The Swedish Migration Agency answers: How we work to detect security threats
As a result of the deteriorating security situation in the country, security, terror and threats to Sweden have dominated the social debate. Questions have been asked about what the Swedish Migration Agency does and how people with ties to terrorism get to Sweden in the first place. In this part of “The Swedish Migration Agency answers”, we go into more detail about how the agency works to detect and deal with people who may pose a security threat.
The Swedish Migration Agency has an obligation to assist the Swedish Security Service in its work to prevent and detect crimes against Sweden’s security, as well as in terrorism-related matters. Among other things, this means that the Swedish Migration Agency must be on the lookout for possible security threats in cases concerning residence permits and Swedish citizenship, in order to be able to inform the security service. The migration agency and the security service have collaborated very closely for many years and continuously exchange information within the context of the existing regulatory framework.
When information must be exchanged with the Swedish Security Service
Information and indications that may be of interest to the security service can be received by the migration agency in various ways. Such red flags are often raised in the course of the migration agency’s conversations with applicants, but can emerge in other ways too, e.g., via anonymous tips. The agency can also obtain information through submitted documents and passport documents or from staff working in the migration agency’s accommodations. The decisive factor is whether there are indications that the person may pose a threat to Sweden’s security – in which case the case must be presented to the security service. This means that we present the case to get guidance on how to proceed and give the security service the opportunity to decide whether it wants to take a closer look at it.
Some of the presented cases are sent to the security service for referral – in simple terms, this means that the migration agency asks the security service if there are any circumstances that affect the case and that concern Sweden’s security. In some cases, the security service requests the opportunity to make a statement about a case on its own initiative. Once their investigation is complete, they submit a statement to the migration agency. If the security service deems that the individual in question poses a security threat, they issue a so-called “objection” – this means, for example, that they propose that the migration agency reject the application for reasons relating to Sweden’s security.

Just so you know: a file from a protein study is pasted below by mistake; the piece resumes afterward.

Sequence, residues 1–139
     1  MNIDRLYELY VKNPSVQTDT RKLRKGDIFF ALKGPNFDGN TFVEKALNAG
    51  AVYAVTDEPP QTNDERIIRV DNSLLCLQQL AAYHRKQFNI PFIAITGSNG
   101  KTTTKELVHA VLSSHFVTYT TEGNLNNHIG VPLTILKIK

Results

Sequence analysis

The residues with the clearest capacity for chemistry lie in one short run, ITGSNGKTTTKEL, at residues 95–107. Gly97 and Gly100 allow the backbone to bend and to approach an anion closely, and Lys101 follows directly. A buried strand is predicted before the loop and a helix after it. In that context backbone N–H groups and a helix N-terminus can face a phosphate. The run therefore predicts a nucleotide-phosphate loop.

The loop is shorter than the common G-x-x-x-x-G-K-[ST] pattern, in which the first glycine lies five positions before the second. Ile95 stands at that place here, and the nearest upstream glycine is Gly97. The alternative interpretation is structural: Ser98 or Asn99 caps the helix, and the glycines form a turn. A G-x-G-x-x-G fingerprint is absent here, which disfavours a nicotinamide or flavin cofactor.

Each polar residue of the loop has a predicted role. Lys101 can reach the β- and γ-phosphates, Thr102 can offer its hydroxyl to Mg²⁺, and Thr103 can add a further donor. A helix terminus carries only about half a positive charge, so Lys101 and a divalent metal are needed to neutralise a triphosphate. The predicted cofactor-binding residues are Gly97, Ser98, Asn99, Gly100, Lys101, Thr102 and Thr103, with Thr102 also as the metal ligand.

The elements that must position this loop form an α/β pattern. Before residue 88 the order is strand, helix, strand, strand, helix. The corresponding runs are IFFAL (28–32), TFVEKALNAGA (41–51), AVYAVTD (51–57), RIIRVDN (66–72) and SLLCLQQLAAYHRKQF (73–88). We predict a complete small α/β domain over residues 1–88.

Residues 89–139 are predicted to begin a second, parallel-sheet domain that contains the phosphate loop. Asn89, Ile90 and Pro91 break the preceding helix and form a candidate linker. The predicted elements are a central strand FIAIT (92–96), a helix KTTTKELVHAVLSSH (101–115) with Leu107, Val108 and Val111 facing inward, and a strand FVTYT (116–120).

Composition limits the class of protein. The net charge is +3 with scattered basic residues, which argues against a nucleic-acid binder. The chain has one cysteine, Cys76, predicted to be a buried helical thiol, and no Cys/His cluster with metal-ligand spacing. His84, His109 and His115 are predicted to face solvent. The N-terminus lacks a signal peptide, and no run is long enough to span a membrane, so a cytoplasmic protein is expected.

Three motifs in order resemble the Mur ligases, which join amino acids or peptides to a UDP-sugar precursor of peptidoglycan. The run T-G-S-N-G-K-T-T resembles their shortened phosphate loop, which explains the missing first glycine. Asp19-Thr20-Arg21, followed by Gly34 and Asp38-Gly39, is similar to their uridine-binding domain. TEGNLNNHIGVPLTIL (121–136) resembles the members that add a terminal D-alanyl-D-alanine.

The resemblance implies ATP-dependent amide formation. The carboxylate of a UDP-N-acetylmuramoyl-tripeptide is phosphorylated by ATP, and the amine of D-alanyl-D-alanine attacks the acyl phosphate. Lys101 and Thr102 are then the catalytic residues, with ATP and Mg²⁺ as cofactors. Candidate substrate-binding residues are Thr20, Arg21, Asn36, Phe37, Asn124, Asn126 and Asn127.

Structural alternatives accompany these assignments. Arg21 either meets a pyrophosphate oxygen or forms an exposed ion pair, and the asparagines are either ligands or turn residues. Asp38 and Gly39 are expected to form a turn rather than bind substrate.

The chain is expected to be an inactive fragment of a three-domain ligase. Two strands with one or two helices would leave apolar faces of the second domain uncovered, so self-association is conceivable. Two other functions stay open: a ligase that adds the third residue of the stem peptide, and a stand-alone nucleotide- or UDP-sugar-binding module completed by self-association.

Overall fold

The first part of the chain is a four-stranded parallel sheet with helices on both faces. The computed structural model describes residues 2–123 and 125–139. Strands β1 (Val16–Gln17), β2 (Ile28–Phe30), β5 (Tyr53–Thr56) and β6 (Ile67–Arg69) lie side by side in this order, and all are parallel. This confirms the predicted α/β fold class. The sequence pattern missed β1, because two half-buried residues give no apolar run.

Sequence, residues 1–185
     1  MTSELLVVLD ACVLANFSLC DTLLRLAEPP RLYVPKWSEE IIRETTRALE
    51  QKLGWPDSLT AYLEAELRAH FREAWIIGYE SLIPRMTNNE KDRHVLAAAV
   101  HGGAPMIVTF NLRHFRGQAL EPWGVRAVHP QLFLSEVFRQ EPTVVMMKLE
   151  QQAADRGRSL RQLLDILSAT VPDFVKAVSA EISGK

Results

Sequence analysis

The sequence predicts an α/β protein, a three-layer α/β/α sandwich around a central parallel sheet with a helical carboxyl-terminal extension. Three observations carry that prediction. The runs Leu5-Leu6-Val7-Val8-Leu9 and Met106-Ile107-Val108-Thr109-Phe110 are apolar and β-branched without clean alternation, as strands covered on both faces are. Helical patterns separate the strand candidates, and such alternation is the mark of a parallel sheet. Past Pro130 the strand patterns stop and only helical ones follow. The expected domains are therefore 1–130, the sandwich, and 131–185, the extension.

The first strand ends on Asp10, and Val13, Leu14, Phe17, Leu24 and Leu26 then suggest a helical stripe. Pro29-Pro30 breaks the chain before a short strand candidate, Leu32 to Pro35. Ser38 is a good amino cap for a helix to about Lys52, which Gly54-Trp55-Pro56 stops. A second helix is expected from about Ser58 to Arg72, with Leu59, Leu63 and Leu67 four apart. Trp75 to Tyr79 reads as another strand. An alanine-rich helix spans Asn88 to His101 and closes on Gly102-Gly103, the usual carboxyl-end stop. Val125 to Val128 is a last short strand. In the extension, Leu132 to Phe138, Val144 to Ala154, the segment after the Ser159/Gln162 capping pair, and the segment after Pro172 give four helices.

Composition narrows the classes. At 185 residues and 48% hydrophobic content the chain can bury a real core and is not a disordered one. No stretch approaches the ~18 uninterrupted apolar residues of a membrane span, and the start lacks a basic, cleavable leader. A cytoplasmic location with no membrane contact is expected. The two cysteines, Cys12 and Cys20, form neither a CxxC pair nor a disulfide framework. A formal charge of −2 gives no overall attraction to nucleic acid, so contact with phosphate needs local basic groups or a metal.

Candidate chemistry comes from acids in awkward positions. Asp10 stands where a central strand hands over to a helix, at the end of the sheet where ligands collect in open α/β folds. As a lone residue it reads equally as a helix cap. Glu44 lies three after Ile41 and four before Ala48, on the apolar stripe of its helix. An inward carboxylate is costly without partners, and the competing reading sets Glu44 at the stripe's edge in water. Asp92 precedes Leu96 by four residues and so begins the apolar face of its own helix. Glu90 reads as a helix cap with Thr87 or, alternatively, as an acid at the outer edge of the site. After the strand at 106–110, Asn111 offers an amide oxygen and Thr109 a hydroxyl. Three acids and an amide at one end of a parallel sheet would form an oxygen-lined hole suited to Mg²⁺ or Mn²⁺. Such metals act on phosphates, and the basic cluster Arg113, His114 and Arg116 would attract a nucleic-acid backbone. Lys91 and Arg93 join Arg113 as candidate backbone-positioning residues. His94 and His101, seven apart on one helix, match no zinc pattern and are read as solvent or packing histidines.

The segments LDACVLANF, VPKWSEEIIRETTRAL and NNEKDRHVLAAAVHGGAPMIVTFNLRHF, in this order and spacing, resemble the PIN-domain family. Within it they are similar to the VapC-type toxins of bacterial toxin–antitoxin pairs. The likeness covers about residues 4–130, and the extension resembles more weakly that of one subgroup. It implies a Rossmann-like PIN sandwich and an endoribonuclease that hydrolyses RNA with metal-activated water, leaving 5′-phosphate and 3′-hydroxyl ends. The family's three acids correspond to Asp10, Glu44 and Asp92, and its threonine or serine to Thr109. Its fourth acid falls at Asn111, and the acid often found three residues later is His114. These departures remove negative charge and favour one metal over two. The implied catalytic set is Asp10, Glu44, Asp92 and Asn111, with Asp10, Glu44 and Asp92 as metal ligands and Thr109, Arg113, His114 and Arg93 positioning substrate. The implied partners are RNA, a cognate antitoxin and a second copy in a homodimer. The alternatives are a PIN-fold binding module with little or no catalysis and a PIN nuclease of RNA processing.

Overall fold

What is a security case?
It is only when the Swedish Security Service issues a statement in a case and makes a formal objection concerning Sweden’s security or public security that the case formally becomes a security case, in accordance with the provisions of the Aliens Act or the Swedish Citizenship Act. Even if the security service issues a statement in a case and suggests, for example, that a person should not be granted a residence permit or Swedish citizenship, it is the Swedish Migration Agency that ultimately takes an independent decision on the matter. However, the security service is the expert authority for assessing which persons may pose a threat to Sweden’s security. If the migration agency decides to reject an application, the applicant can appeal the decision.
It is important not to confuse security cases with cases involving suspicions of genocide, crimes against humanity, or war crimes. The Swedish Migration Agency has an obligation to report such crimes to the police, but this does not necessarily mean that they are security cases.
Qualified security cases
A person who is not a Swedish citizen may be expelled from Sweden in accordance with a special law, the Act concerning Special Controls of Certain Aliens, if the individual in question can be assumed likely to commit or otherwise contribute to a crime under the Terrorist Offences Act, or may constitute a serious threat to Sweden’s security. An expulsion application is filed by the security service, but it is the migration agency that examines and decides on the matter. According to this special legislation, the security service may also take other control measures against the individual.